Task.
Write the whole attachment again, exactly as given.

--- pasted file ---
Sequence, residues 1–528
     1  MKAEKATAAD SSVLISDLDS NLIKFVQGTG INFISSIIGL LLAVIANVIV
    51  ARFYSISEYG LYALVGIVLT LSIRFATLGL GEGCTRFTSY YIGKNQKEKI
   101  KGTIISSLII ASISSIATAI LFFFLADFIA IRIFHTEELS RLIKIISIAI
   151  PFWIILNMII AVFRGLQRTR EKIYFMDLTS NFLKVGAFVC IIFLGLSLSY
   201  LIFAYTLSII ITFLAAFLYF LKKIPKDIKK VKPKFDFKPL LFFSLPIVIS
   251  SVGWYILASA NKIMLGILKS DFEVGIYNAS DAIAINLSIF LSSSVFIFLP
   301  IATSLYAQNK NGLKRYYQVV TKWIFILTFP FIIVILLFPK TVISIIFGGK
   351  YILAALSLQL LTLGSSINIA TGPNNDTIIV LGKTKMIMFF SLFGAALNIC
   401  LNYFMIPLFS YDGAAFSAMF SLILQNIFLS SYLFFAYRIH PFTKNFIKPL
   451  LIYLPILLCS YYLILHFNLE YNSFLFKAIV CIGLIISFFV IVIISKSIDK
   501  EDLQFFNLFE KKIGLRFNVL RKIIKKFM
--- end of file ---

Sequence, residues 1–528
     1  MKAEKATAAD SSVLISDLDS NLIKFVQGTG INFISSIIGL LLAVIANVIV
    51  ARFYSISEYG LYALVGIVLT LSIRFATLGL GEGCTRFTSY YIGKNQKEKI
   101  KGTIISSLII ASISSIATAI LFFFLADFIA IRIFHTEELS RLIKIISIAI
   151  PFWIILNMII AVFRGLQRTR EKIYFMDLTS NFLKVGAFVC IIFLGLSLSY
   201  LIFAYTLSII ITFLAAFLYF LKKIPKDIKK VKPKFDFKPL LFFSLPIVIS
   251  SVGWYILASA NKIMLGILKS DFEVGIYNAS DAIAINLSIF LSSSVFIFLP
   301  IATSLYAQNK NGLKRYYQVV TKWIFILTFP FIIVILLFPK TVISIIFGGK
   351  YILAALSLQL LTLGSSINIA TGPNNDTIIV LGKTKMIMFF SLFGAALNIC
   401  LNYFMIPLFS YDGAAFSAMF SLILQNIFLS SYLFFAYRIH PFTKNFIKPL
   451  LIYLPILLCS YYLILHFNLE YNSFLFKAIV CIGLIISFFV IVIISKSIDK
   501  EDLQFFNLFE KKIGLRFNVL RKIIKKFM